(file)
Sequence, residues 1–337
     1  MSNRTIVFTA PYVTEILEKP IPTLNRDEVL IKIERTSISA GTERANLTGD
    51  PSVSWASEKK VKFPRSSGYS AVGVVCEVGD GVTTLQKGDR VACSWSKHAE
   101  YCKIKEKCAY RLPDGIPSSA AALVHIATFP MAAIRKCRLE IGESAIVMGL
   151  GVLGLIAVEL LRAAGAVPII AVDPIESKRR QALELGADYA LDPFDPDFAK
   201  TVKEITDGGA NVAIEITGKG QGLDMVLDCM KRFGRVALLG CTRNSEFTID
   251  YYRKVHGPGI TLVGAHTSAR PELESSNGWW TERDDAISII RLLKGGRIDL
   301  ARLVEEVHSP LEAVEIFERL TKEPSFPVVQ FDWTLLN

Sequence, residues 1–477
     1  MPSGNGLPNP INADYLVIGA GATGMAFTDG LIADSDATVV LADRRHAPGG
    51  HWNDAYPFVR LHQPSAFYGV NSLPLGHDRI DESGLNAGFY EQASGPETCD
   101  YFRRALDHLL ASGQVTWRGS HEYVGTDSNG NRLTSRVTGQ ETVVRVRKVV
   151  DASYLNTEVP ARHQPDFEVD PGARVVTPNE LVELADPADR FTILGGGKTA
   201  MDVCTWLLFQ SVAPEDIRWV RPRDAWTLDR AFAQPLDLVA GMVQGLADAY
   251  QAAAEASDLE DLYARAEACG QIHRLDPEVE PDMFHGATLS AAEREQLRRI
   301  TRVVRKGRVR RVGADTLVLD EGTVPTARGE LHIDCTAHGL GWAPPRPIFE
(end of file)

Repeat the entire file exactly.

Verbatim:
Sequence, residues 1–337
     1  MSNRTIVFTA PYVTEILEKP IPTLNRDEVL IKIERTSISA GTERANLTGD
    51  PSVSWASEKK VKFPRSSGYS AVGVVCEVGD GVTTLQKGDR VACSWSKHAE
   101  YCKIKEKCAY RLPDGIPSSA AALVHIATFP MAAIRKCRLE IGESAIVMGL
   151  GVLGLIAVEL LRAAGAVPII AVDPIESKRR QALELGADYA LDPFDPDFAK
   201  TVKEITDGGA NVAIEITGKG QGLDMVLDCM KRFGRVALLG CTRNSEFTID
   251  YYRKVHGPGI TLVGAHTSAR PELESSNGWW TERDDAISII RLLKGGRIDL
   301  ARLVEEVHSP LEAVEIFERL TKEPSFPVVQ FDWTLLN

Sequence, residues 1–477
     1  MPSGNGLPNP INADYLVIGA GATGMAFTDG LIADSDATVV LADRRHAPGG
    51  HWNDAYPFVR LHQPSAFYGV NSLPLGHDRI DESGLNAGFY EQASGPETCD
   101  YFRRALDHLL ASGQVTWRGS HEYVGTDSNG NRLTSRVTGQ ETVVRVRKVV
   151  DASYLNTEVP ARHQPDFEVD PGARVVTPNE LVELADPADR FTILGGGKTA
   201  MDVCTWLLFQ SVAPEDIRWV RPRDAWTLDR AFAQPLDLVA GMVQGLADAY
   251  QAAAEASDLE DLYARAEACG QIHRLDPEVE PDMFHGATLS AAEREQLRRI
   301  TRVVRKGRVR RVGADTLVLD EGTVPTARGE LHIDCTAHGL GWAPPRPIFE